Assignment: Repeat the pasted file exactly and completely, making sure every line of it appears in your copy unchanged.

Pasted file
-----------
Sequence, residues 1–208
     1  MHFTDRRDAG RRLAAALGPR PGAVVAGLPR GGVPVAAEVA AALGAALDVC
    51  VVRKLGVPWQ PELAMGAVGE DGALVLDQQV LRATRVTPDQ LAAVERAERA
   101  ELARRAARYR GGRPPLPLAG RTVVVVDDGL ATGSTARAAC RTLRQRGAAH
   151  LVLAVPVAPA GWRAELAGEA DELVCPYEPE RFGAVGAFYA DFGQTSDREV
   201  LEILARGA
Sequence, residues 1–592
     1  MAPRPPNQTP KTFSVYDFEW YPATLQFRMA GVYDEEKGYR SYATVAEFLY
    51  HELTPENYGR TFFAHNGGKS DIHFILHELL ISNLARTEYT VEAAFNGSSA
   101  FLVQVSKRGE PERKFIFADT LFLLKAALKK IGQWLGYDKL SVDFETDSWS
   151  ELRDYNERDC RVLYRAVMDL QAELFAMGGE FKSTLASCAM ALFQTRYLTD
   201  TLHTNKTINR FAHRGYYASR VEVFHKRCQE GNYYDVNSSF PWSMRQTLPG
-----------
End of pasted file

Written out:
Sequence, residues 1–208
     1  MHFTDRRDAG RRLAAALGPR PGAVVAGLPR GGVPVAAEVA AALGAALDVC
    51  VVRKLGVPWQ PELAMGAVGE DGALVLDQQV LRATRVTPDQ LAAVERAERA
   101  ELARRAARYR GGRPPLPLAG RTVVVVDDGL ATGSTARAAC RTLRQRGAAH
   151  LVLAVPVAPA GWRAELAGEA DELVCPYEPE RFGAVGAFYA DFGQTSDREV
   201  LEILARGA
Sequence, residues 1–592
     1  MAPRPPNQTP KTFSVYDFEW YPATLQFRMA GVYDEEKGYR SYATVAEFLY
    51  HELTPENYGR TFFAHNGGKS DIHFILHELL ISNLARTEYT VEAAFNGSSA
   101  FLVQVSKRGE PERKFIFADT LFLLKAALKK IGQWLGYDKL SVDFETDSWS
   151  ELRDYNERDC RVLYRAVMDL QAELFAMGGE FKSTLASCAM ALFQTRYLTD
   201  TLHTNKTINR FAHRGYYASR VEVFHKRCQE GNYYDVNSSF PWSMRQTLPG